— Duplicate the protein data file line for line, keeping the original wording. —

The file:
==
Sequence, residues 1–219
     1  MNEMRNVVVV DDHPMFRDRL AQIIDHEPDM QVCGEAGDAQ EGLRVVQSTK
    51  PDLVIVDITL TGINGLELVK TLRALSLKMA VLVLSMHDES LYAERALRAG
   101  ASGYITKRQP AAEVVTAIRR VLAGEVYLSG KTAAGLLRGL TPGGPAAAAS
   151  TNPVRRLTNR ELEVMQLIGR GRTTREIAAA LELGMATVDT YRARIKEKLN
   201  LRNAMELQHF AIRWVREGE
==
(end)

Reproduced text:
Sequence, residues 1–219
     1  MNEMRNVVVV DDHPMFRDRL AQIIDHEPDM QVCGEAGDAQ EGLRVVQSTK
    51  PDLVIVDITL TGINGLELVK TLRALSLKMA VLVLSMHDES LYAERALRAG
   101  ASGYITKRQP AAEVVTAIRR VLAGEVYLSG KTAAGLLRGL TPGGPAAAAS
   151  TNPVRRLTNR ELEVMQLIGR GRTTREIAAA LELGMATVDT YRARIKEKLN
   201  LRNAMELQHF AIRWVREGE